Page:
It felt like a cycle of “good guys face Thanos and/or his minions, and lose” over and over again. Every sub-group ended up that way (though there were small victories in between). Thor, Loki, and Hulk lose to Thanos & co. Strange and Stark lose to Maw and Maw takes Strange away. Gamora, Peter, Drax, and Mantis lose to Thanos because it was a trap laid for Gamora. Tony, Strange, Spider-man, Peter, Drax, Mantis, and Nebula lose to Thanos. And in the end, everyone else loses to Thanos too.
Did anyone else notice how nearly identical Dr Strange and Loki’s poses were when they pulled the Eye of Agamotto/Tesseract out of thin air? Seriously. Why did that have to be so similar? (I was also puzzled by Thanos’s remark about Strange’s “tricks.” It felt like something was mixed up there because Loki’s the one associated with tricks…)
There was the scenario of “Please kill me, person-I-love-who-also-loves-me.” Vision says Wanda has to destroy the stone in his head, thereby killing him. Gamora begs Peter to kill her if Thanos gets her. Both Wanda and Peter say no way. Peter Quill finally acquiesces but he doesn’t carry out his promise until it’s too late to do so. Wanda refuses until she sees there really is no other option.
And there was the “I’m making this choice that benefits Thanos to save you” theme. Loki produces the Tesseract, hoping that the distraction will give Hulk the opening needed to smash Thanos and save Thor. (Then he leaves it on the floor for the minions to pick up. That was unnaturally stupid of Loki. Granted, he’d dashed forward to knock Thor out of the way but still… It wasn’t like Loki to just drop something that important.) Gamora tells Thanos the location of the Soul Stone to stop his torture of Nebula. Dr. Strange gives Thanos the Time Stone to save Tony Stark. And guess what? In all cases, the person making that decision dies.
If these repeated scenes and themes had had different endings, that might have worked out better. For example, if Wanda managed to destroy the Mind Stone before Thanos got hold of the Time one. Or something. Perhaps it was for dramatic effect – perhaps the filmmakers thought we needed to really feel hopeless. But I don’t think the choices they made in this regard worked.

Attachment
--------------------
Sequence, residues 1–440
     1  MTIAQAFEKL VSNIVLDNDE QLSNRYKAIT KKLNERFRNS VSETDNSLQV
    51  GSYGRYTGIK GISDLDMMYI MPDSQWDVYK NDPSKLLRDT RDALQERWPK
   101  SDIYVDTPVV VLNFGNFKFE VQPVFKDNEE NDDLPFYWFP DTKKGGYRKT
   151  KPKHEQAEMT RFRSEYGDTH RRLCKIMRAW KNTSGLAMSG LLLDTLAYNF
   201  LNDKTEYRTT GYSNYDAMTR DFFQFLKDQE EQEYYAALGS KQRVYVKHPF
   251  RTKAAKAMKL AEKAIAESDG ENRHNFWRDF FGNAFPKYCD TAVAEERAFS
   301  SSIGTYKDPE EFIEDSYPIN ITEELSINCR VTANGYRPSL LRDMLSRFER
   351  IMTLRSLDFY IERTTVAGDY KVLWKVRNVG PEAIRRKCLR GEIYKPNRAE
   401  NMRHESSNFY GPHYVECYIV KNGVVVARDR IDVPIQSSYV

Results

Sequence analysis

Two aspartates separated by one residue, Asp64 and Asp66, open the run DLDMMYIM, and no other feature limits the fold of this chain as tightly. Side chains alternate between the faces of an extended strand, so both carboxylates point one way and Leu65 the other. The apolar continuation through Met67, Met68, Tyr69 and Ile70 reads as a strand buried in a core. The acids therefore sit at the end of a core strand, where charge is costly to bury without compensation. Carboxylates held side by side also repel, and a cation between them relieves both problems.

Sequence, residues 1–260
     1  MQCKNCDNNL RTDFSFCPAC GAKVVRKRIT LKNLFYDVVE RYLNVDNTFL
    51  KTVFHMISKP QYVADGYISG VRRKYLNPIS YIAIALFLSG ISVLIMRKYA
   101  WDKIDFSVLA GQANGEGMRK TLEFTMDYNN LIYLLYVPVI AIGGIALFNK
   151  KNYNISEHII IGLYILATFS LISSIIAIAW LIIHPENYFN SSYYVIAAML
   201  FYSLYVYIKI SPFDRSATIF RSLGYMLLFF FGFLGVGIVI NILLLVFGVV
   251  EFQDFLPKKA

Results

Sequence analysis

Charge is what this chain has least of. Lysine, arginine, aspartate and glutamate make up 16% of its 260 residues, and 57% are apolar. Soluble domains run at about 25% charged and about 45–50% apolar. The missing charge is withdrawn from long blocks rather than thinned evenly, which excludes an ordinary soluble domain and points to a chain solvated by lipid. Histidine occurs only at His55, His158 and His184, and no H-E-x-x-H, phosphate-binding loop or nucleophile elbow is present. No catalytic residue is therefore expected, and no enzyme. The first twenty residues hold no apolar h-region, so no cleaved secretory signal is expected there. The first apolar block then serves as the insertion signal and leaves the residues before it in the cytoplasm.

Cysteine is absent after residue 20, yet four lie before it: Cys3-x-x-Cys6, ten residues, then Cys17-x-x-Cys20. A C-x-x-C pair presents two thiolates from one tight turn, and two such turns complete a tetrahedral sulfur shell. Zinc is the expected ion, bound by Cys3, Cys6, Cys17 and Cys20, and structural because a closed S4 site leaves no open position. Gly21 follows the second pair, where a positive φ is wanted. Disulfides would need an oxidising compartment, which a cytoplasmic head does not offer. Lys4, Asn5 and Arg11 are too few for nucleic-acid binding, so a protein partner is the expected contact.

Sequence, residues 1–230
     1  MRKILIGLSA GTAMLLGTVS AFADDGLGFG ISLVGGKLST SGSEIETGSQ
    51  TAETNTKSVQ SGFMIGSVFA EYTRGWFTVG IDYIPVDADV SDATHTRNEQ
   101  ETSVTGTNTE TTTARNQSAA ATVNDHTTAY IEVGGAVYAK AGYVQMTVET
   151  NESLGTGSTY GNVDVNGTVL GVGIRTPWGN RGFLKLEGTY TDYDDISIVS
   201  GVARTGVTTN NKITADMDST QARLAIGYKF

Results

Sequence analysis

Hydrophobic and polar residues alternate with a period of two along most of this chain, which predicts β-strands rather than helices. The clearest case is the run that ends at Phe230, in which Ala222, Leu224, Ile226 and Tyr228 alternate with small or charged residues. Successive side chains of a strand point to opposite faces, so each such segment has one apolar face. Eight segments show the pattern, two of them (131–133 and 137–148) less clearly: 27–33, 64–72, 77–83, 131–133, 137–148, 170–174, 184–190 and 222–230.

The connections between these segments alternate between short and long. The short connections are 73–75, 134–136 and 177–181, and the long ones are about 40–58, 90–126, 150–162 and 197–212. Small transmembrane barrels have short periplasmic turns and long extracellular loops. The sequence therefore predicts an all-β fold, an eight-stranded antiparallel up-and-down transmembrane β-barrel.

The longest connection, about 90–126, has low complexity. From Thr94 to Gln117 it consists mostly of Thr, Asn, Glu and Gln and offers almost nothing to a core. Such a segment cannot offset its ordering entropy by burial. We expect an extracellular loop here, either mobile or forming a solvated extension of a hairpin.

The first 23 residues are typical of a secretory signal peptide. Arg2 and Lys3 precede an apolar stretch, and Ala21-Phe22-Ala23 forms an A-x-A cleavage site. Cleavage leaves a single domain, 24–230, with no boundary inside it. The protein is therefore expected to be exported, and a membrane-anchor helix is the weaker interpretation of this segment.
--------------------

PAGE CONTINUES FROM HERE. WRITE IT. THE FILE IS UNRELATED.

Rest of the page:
- I felt there was some mischaracterisation or odd treatment of Thor’s and Loki’s abilities. We just established in Thor: Ragnarok that Thor no longer needs a weapon to focus his powers. He’s a walking weapon as it is – he could summon lightning without his hammer. But here… He seems usless in the opening scene; we never see him even try to summon lightning. I really thought that when Thanos was choking Loki, Thor was going to go all glowy-eyed again and burst forth, blazing with lightning. He didn’t. And then he spends half the movie on Nidavellir to get Eitri to make him a new weapon. What was the point of that?! And what was the point of his personal arc in Thor: Ragnarok then?
With Loki, it’s similar. We’ve always been told that Loki is clever, a slick talker, exceptional at magic, and specialises in illusions. Why… Did he not cast a single illusion here… Why did he just drop the Tesseract? And why did he do the terribly silly thing of trying to stab Thanos? Maybe it was supposed to be a desperate move. If it was, it wasn’t telegraphed well enough. It felt a little out-of-character, and undermined Loki’s death a little.
- Speaking of undermining death… The Time Stone undermines EVERYTHING. It’s a big deus ex machina in the form of a small shiny rock. And it’s something I saw coming since it was introduced in Doctor Strange. What I didn’t see coming was the number of protagonists who would “die” at the end of this movie. But Thanos himself demonstrates how the Time Stone can (and will) reverse everything. He’s practically showing us what will happen in part 2. So Spidey, Strange, nearly all the Guardians, Falcon, Black Panther, Scarlet Witch, and Bucky turn to dust because of Thanos. Doesn’t matter. There’s 100% chance they’re all going to return to life sometime during part 2. Vision’s return is a bit in doubt, but highly likely. It’s also highly likely that Gamora will be magically resurrected. Loki’s return is less likely (and I want him to stay dead).